Tackling bullying in the workplace

Senior guidance adviser at the Advisory, Conciliation and Arbitration Service, Tom Neil (pictured), talks to OT  about what forms bullying can take and why it needs to be addressed

Tom Neil

What can bullying look like in the workplace?

Bullying and harassment means any unwanted behaviour that makes someone feel intimidated, degraded, humiliated or offended. It is not necessarily always obvious or apparent to others and may happen in the workplace without an employer's awareness.

Bullying or harassment can be between two individuals or it may involve groups of people. It might be obvious or it might be insidious. It may be persistent or an isolated incident. While it often occurs face-to-face, it can also occur in written communications, by phone, via email or on social media.

What can an employee do if they are being bullied in the workplace?

If you are being bullied it is important you do not let it continue. If you feel able to, it can be best to try to resolve it informally by raising it with the individual themselves. Often a quiet word can be all it takes to make the unwanted behaviour stop. Alternatively, you could raise the matter with your manager who should then seek to resolve it for you.

Bullying and harassment create an unhappy and unproductive workplace


If the informal option is not appropriate or does not stop the bullying then you could seek to take it further by raising a formal complaint, sometimes called a grievance. To help your employer understand , and establish the facts of the matter it can help if you keep a diary of all incidents and keep any relevant letter, emails, notes etc.

Making a complaint about bullying can be a stressful experience. You should therefore consider talking to someone privately about the matter, such as your manager, someone else at the organisation who you feel comfortable with, perhaps someone in human resources or company counsellor or your trade union or staff representative.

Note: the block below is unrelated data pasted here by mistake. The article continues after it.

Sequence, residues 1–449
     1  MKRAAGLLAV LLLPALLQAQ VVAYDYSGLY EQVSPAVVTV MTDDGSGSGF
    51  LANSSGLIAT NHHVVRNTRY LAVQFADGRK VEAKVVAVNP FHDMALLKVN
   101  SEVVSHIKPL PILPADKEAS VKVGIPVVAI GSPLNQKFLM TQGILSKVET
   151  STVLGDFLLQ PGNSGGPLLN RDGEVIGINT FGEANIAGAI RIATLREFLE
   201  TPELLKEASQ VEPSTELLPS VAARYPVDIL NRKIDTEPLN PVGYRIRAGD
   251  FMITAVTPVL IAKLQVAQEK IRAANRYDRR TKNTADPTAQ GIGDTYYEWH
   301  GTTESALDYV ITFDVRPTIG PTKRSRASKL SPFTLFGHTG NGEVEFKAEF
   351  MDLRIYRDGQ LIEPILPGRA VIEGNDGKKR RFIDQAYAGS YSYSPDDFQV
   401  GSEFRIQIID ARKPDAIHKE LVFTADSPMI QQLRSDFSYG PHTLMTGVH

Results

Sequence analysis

What should an employer do to prevent bullying in the workplace?

There are a number of key considerations that should help to prevent bullying in the workplace. A good first step is to develop and implement a formal policy. This can be kept simple, but employers should try to involve staff in its creation. It could include an organisational statement about taking all allegations seriously, the standards of behaviour the organisation expects from all their staff and how the organisation will approach any allegations of bullying or harassment.

An employer should endeavour to ensure that staff are aware of the policy and the organisations position on bullying in their workplace.

It’s also important to set good examples in the workplace, so anyone with management responsibility should be demonstrating the standards of behaviour expected from the rest of the workforce.

Why is it important to stop bullying in the workplace?

Bullying and harassment create an unhappy and unproductive workplace. If not taken seriously and handled carefully it can quickly affect morale, performance and productivity. Staff will lose faith in management and it could lead to higher absence levels and resignations. Ultimately it could even result in tribunal or other court proceedings.

If you would like to find out how you can learn how to better deal with these issues you can visit the visit the Acas website.